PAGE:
Thanks to an infusion of $470 million from Congress on Tuesday, the Small Business Administration was able to restart its popular 7(a) loan guarantee program, which was shut down earlier this month due to a lack of funding.
The SBA’s program is caught in the middle of some unusually rancorous political haggling over the federal budget, which has left a number of agencies — including the SBA — operating without funding for the fiscal year that began Oct. 1. Without its appropriation, the agency had no choice but to suspend the program. This new infusion of cash keeps the program running at least through Jan. 31.
The SBA oversees loan guarantees for companies that don’t qualify for traditional bank loans. The agency blames the delay on Congress, which has yet to vote on a $373 billion spending bill that includes SBA funding.
The agency had been operating in the meantime under a temporary authority based on 2002 spending levels while requests for SBA loans have were coming in at record rates, as much as $45 million per day, which was way above the funding the agency has for the program, spokesperson Sue Hensley told the Associated Press earlier this month. At that time, the agency took steps to place a $750,000 maximum limit on the loans it would guarantee, which is down from $2 million.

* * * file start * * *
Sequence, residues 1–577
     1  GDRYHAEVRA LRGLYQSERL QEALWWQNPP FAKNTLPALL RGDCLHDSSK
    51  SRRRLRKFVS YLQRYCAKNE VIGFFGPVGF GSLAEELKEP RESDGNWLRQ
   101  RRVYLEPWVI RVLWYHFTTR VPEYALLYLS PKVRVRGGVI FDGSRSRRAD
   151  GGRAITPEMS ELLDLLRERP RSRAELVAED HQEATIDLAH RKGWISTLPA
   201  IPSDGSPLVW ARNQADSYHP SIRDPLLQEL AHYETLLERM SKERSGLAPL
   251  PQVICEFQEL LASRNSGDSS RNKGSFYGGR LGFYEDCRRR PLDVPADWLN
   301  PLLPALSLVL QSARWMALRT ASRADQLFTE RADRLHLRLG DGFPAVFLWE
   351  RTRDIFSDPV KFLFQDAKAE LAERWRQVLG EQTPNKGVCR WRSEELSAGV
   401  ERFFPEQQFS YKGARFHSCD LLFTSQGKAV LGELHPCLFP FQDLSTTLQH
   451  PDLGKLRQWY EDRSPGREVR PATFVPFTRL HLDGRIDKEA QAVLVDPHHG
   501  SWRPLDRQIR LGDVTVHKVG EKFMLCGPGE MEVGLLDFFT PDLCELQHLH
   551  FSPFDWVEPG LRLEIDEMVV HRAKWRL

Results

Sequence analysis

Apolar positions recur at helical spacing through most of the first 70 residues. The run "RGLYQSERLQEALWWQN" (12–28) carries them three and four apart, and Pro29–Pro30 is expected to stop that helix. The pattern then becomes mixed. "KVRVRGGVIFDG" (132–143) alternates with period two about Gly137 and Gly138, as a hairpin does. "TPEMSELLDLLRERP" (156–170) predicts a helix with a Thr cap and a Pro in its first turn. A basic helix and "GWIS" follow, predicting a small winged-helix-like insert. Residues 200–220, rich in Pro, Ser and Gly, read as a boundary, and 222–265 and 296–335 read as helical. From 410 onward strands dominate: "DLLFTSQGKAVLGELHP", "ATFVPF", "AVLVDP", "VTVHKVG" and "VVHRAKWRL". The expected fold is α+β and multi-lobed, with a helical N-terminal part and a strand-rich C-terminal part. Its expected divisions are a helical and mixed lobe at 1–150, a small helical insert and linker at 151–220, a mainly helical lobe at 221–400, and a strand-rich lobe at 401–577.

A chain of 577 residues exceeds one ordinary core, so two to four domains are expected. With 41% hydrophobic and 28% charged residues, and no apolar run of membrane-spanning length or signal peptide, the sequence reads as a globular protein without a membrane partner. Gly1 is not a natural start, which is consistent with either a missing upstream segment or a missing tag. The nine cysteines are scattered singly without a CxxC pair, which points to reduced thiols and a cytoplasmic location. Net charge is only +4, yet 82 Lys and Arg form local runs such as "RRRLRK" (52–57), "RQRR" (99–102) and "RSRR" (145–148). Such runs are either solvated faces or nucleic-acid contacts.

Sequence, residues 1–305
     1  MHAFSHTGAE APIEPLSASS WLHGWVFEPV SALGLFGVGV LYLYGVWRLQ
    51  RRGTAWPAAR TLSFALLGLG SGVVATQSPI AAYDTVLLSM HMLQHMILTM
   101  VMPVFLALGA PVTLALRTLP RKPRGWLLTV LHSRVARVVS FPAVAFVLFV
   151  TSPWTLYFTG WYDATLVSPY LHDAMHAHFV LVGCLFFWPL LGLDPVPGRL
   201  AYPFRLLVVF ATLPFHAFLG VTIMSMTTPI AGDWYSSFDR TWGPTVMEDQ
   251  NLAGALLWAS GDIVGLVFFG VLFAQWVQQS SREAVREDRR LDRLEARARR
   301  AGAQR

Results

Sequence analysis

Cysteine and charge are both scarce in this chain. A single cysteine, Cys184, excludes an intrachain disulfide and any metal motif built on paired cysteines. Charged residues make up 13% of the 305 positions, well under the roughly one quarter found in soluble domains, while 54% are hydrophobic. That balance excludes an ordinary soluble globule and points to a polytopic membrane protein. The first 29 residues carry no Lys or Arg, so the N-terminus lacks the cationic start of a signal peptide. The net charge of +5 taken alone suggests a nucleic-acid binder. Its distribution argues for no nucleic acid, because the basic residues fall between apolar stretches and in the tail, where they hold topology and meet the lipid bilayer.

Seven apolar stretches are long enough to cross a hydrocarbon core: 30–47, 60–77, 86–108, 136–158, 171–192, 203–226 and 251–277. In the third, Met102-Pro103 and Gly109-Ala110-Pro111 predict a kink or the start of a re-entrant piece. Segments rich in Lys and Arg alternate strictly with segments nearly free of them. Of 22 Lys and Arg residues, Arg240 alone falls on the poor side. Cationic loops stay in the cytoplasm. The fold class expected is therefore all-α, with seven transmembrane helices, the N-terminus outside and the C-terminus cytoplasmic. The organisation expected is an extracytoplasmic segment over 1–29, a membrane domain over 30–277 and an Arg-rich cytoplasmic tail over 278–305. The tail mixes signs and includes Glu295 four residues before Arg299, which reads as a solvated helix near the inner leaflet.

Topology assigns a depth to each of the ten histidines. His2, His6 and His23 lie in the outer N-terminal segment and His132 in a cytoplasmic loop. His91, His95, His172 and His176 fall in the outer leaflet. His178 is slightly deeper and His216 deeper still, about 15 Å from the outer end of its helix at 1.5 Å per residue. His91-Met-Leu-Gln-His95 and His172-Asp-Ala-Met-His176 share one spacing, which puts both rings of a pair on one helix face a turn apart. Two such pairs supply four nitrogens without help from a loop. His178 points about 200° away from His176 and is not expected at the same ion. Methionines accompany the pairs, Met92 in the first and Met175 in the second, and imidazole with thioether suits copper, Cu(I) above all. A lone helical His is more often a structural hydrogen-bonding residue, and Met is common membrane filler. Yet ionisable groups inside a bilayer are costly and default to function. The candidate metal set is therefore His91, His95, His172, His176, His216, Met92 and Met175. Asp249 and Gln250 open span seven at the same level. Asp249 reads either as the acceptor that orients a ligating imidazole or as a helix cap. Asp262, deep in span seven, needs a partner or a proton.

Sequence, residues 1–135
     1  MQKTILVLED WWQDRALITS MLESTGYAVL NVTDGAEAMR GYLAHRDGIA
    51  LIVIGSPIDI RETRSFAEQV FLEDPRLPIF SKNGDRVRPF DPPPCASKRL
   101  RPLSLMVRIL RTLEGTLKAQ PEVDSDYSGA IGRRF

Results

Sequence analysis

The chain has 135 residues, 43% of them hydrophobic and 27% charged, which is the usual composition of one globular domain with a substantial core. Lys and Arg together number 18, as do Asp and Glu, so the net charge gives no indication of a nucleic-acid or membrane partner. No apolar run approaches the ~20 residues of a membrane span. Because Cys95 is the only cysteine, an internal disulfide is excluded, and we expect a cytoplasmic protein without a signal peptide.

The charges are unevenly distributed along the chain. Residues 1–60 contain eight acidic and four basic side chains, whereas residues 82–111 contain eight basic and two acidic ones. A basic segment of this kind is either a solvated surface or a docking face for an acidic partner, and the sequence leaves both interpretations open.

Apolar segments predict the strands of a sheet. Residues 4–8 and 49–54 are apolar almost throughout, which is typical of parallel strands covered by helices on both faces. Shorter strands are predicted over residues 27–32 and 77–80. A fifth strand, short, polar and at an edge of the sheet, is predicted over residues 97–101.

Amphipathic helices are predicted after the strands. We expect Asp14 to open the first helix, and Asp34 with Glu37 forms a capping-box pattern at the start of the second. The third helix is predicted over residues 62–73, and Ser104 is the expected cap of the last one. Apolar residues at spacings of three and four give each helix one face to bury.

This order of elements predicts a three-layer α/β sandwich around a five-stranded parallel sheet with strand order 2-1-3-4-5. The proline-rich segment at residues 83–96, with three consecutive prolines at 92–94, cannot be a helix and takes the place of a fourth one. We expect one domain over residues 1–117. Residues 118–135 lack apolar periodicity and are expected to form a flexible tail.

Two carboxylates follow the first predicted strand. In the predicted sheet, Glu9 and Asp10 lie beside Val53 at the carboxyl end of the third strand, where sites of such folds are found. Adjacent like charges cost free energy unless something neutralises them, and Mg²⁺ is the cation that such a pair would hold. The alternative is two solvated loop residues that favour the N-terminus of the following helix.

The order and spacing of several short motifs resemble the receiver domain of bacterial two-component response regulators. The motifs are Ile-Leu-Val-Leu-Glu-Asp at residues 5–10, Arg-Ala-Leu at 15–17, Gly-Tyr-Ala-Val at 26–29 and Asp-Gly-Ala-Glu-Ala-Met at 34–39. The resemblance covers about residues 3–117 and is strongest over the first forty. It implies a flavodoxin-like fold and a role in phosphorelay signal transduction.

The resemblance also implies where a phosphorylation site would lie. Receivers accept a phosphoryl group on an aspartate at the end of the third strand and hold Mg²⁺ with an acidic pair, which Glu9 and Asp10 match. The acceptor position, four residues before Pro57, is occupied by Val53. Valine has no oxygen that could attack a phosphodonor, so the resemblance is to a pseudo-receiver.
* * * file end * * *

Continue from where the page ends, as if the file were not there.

Tony Wilkinson, president and CEO of the National Association of Government Guaranteed Lenders, cited SBA estimates that the 7(a) program created 350,000 jobs last year, Minnesota’s Pioneer Press reported.